Incentive problems and the structure of executive compensation: theoretical and empirical evidence



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Texas Tech University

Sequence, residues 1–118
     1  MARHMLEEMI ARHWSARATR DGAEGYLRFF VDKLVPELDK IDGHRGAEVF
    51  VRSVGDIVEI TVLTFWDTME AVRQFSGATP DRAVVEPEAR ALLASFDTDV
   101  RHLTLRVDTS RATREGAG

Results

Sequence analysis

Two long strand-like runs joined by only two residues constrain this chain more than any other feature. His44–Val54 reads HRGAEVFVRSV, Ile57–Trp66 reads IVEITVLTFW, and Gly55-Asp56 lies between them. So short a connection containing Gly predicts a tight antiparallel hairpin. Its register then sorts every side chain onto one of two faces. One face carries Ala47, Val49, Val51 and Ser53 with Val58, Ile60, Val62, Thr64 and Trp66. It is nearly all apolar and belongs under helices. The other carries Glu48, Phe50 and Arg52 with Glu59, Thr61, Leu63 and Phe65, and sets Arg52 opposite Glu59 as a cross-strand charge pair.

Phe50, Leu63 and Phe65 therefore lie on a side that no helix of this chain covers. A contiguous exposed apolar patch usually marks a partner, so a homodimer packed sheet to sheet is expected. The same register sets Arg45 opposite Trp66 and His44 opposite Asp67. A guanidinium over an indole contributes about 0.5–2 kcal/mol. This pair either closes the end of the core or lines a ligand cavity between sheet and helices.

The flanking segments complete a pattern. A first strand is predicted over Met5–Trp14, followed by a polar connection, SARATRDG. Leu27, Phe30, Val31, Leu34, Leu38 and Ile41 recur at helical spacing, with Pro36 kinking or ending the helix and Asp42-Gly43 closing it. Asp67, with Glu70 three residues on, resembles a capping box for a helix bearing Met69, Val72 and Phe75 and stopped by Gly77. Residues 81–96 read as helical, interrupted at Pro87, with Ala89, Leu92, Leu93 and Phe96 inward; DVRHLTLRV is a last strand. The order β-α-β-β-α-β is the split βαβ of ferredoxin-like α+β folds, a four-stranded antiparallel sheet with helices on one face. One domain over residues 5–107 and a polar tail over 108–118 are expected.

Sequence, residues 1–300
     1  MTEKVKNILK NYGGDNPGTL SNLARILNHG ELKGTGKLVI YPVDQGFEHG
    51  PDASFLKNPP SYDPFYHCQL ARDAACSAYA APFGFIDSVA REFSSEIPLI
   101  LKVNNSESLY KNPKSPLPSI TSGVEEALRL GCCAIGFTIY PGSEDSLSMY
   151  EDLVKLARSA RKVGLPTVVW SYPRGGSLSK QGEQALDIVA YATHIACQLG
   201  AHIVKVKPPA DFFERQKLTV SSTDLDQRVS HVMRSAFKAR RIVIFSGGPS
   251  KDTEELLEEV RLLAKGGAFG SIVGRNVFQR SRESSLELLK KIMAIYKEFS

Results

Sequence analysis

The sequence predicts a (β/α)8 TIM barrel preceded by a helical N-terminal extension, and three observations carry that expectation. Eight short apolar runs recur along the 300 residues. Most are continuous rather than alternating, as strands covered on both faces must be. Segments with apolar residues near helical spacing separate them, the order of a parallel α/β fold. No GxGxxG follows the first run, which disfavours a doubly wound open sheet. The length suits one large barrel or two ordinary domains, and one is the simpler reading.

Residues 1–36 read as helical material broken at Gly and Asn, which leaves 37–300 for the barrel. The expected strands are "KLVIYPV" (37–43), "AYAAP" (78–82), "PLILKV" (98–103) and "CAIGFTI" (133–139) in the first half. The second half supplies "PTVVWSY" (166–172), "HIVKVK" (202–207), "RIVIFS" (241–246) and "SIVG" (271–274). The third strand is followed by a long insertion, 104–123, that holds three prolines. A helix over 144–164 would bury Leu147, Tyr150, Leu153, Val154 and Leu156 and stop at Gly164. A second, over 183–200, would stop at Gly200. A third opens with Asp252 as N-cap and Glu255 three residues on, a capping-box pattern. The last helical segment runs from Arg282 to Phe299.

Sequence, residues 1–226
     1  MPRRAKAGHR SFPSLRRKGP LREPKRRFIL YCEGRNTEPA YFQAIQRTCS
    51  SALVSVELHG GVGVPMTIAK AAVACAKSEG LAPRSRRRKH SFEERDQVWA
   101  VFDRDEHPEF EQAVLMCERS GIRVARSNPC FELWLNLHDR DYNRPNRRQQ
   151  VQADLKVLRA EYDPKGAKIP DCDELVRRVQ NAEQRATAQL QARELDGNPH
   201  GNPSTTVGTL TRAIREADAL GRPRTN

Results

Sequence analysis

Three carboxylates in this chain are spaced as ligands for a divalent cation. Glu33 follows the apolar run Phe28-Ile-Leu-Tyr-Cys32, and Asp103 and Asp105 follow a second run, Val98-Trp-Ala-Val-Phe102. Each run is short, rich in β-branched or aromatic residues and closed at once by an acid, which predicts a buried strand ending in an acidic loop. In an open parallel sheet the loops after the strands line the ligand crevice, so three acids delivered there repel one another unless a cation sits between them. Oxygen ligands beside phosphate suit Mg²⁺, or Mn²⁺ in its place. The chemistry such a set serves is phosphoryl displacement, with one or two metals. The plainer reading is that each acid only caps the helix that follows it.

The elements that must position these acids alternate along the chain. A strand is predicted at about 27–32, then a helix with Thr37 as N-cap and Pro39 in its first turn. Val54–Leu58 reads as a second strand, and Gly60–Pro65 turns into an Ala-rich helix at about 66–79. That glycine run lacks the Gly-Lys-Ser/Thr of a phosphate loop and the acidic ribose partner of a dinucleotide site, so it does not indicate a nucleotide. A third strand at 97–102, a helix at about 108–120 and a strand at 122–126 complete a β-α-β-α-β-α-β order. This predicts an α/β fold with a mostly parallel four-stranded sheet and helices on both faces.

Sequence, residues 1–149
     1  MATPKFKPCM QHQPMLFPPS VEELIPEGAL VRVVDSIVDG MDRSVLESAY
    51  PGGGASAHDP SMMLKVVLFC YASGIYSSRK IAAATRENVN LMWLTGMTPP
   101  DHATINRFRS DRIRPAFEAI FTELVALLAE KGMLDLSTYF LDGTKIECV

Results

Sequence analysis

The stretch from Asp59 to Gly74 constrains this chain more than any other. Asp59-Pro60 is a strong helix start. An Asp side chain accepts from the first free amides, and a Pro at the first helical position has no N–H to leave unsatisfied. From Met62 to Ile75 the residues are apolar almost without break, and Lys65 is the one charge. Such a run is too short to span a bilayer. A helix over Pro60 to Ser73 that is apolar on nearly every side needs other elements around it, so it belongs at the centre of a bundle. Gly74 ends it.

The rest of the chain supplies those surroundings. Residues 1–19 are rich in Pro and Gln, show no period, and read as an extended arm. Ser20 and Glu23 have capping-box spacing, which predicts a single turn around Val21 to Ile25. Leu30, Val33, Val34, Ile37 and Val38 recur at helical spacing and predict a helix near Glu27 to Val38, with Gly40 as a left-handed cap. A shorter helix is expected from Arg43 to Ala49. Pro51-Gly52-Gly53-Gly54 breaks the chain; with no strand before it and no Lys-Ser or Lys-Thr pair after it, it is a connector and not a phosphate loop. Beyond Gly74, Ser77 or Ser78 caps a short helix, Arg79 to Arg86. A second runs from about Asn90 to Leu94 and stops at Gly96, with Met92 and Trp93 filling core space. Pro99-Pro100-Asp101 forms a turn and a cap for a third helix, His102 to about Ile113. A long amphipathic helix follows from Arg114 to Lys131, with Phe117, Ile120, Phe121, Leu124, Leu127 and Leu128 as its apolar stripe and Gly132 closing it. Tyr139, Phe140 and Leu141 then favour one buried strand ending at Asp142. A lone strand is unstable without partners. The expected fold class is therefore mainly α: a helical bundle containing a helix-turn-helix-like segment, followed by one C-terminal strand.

Empirical studies on compensation schemes indicate that stock prices react positively to the introduction of performance-based compensations. The reason given for this positive reaction is that a performance-based component would induce the manager to reduce perk consumption. The argument is presumably based on agency explanations of Jensen and Meckling (1976). In their seminal article on agency theory, Jensen and Meckling (1976) show that agency problems between stockholders and manager arise when the manager decides to raise outside equity capital. They also show that the value of the firm would decrease as the proportion of management equity ownership decreases. It is assumed, therefore, in the compensation Uteramre that the value of the firm would increase as the performance-based component increases. However, it is quite possible that when the manager's performance-based compensation increases, his equity ownership in the firm may not simidtaneoush increase. As an example, if the performance-based compensation is in the form of stock appreciation rights, where the compensation depends on the market value of shares but is given in the form of cash, the manager's equity' ownership need not increase. A theoretical explanation for the positive reaction of the stock market to the adoption of performance-based compensation schemes, holding the equity ownership of the manager constant, however, has not been attempted so far.